hort.net Seasonal photo, (c) 2006 Christopher P. Lindsey, All Rights Reserved: do not copy
articles | gallery of plants | blog | tech blog | plant profiles | patents | mailing lists | top stories | links | shorturl service | tom clothier's archive0
 Navigation
Articles
Gallery of Plants
Blog
Tech Blog
Plant Profiles
Patents
Mailing Lists
    FAQ
    Netiquette
    Search ALL lists
    Search help
    Subscription info
Top Stories
Links
sHORTurl service
Tom Clothier's Archive
 Top Stories
Disease could hit Britain's trees hard

Ten of the best snowdrop cultivars

Plant protein database helps identify plant gene functions

Dendroclimatologists record history through trees

Potato beetle could be thwarted through gene manipulation

Hawaii expands coffee farm quarantine

Study explains flower petal loss

Unauthorized use of a plant doesn't invalidate it's patent

RSS story archive

Re: New Rules


Can't the market be a guide. The IAC list is good in that regard. "Many" of the plants on that list have already been market tested and successful ( Many is highlighted as the IAC list doesn't mean the plant is worthwhile either)
 
 

Butch Ragland wrote:

The problem is you don't understand registration.

It has nothing to do with garden worthiness and gives no seal of approval. Think of the power you are wanting to give the registrar. It doesn't really matter because he can not take that power.

Why do we want to give someone, anyone power. The oldest story in the world "power corrupts, etc.

And it would not protect the buying public in any way, the power is already in your pocket book.

From a recent posting by Jim Wilkins

The answer to this is very simple. The AHS is the registration authority.
I and many others feel registration is important historically and as a
resource for our members present and future.  I was a member of the Board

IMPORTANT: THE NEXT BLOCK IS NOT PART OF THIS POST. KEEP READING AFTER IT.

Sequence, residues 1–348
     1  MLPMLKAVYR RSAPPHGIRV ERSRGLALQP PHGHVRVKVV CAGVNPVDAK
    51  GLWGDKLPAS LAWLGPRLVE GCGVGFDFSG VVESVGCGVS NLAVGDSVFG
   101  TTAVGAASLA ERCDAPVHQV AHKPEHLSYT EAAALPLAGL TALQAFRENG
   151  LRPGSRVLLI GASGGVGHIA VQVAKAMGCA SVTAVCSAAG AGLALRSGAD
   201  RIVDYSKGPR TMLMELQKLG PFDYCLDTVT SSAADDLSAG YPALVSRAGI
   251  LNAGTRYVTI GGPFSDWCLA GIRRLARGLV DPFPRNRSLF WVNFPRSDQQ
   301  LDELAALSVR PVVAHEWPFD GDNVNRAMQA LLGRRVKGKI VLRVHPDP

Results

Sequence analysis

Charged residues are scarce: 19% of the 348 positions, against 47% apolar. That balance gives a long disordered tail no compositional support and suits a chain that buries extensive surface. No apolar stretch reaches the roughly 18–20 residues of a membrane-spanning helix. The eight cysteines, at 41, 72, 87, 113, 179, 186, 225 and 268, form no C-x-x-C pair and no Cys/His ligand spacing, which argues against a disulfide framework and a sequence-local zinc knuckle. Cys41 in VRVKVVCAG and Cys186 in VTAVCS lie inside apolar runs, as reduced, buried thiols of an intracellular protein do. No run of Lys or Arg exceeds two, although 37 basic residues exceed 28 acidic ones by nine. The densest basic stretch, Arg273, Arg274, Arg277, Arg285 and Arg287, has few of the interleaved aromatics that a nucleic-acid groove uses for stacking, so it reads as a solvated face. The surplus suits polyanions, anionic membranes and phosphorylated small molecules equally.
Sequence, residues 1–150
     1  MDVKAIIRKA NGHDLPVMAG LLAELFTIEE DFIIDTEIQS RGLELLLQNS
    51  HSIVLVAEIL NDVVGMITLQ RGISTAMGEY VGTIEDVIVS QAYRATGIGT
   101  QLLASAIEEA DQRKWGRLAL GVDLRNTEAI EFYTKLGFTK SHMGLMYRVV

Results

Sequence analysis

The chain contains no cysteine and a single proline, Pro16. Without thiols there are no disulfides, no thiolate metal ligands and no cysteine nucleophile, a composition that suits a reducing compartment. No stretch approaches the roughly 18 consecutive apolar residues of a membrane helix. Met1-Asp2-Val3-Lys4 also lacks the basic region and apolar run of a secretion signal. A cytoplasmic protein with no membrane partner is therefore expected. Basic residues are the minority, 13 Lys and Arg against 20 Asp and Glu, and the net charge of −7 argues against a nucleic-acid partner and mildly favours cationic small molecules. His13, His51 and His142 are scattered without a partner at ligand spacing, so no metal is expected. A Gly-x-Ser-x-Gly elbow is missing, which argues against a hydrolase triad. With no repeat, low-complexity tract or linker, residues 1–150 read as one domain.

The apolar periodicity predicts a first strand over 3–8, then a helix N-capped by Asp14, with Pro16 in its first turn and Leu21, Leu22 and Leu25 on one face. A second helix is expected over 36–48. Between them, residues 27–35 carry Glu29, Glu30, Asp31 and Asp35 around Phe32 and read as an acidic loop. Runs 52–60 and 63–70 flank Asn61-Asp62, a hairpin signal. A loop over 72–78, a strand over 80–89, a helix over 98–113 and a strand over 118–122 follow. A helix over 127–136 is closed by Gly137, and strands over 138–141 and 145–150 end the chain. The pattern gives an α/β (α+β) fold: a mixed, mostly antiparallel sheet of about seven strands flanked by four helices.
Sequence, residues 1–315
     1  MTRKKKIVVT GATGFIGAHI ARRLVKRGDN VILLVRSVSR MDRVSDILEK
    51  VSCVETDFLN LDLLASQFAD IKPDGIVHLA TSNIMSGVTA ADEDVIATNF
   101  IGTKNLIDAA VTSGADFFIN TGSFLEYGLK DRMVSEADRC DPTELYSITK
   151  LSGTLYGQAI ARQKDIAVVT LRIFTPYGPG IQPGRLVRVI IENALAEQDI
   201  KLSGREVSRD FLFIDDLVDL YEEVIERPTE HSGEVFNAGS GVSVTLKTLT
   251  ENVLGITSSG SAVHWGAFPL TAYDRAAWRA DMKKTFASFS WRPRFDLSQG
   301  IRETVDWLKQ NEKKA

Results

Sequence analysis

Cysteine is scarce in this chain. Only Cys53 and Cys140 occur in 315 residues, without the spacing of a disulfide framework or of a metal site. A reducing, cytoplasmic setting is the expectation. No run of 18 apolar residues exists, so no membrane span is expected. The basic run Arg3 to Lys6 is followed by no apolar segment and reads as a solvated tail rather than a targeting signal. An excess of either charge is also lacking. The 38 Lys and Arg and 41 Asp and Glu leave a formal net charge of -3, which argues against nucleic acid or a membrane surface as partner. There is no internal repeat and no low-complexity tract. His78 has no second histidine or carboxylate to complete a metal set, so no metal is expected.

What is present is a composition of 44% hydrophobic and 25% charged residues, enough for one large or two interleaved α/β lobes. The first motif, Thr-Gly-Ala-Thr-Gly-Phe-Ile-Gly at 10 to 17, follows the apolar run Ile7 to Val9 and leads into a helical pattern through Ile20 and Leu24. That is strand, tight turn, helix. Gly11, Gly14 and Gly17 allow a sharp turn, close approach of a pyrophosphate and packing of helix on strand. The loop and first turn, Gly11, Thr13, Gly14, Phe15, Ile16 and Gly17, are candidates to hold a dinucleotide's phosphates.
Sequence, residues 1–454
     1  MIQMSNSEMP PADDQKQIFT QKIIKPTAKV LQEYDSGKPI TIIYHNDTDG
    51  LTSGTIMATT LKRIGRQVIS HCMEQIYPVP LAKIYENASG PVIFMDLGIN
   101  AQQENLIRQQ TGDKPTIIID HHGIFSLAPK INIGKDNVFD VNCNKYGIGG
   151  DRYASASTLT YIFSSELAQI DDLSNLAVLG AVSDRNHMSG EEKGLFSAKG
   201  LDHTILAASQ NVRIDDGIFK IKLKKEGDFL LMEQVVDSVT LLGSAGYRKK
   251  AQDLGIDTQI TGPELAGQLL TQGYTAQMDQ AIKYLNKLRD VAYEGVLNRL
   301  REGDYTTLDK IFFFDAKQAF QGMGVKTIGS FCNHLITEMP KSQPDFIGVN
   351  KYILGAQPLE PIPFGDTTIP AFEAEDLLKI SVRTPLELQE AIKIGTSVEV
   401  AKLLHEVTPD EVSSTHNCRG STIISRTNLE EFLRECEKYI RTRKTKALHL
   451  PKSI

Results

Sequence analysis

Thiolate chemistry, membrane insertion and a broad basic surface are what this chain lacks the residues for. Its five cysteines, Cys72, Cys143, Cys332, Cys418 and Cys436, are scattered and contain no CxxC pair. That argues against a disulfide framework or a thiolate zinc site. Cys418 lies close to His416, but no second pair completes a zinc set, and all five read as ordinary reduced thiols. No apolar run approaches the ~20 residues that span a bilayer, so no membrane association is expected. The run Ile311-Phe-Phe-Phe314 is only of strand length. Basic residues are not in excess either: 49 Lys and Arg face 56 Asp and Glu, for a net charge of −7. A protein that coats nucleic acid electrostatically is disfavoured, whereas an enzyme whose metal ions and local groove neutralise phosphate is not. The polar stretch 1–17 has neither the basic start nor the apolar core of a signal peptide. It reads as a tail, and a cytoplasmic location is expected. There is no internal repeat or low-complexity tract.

of Directors when this proposal was drafted and passed.  The intent was to
simplify registration, reduce the cost, encourage registration of the
nearly 800 plants in the trade which were not registered, to honor the
grower/sellers who committed to the process, and to try to prevent there
being  2000 unregistered plants in the trade in 5 years.  I am not ashamed
to support those goals.  As stated, ad nauseum, there have been some minor
problems and I am confident that a satisfactory solution will be
forthcoming.

What is wrong with 2000 unregistered plants on the market. Is that worse than 10000 registered plants, many of which are not memorable, couldn't be picked out of a crowd. I am not against registration, I just don't understand the "push" to register everything. Jim's second line above has much to say. To record for historical purposes. Every plant does not need to be recorded.

Even taking it one step further- why register breeding stock? It serves a purpose, but it may not exist in a couple of years. Simplfy the registration process is the only thing that makes sense, everything else seems like a complete waste of energy.

Ray
 





 © 1995-2015 Mallorn Computing, Inc.All Rights Reserved.
Our Privacy Statement
Other Mailing lists | Author Index | Date Index | Subject Index | Thread Index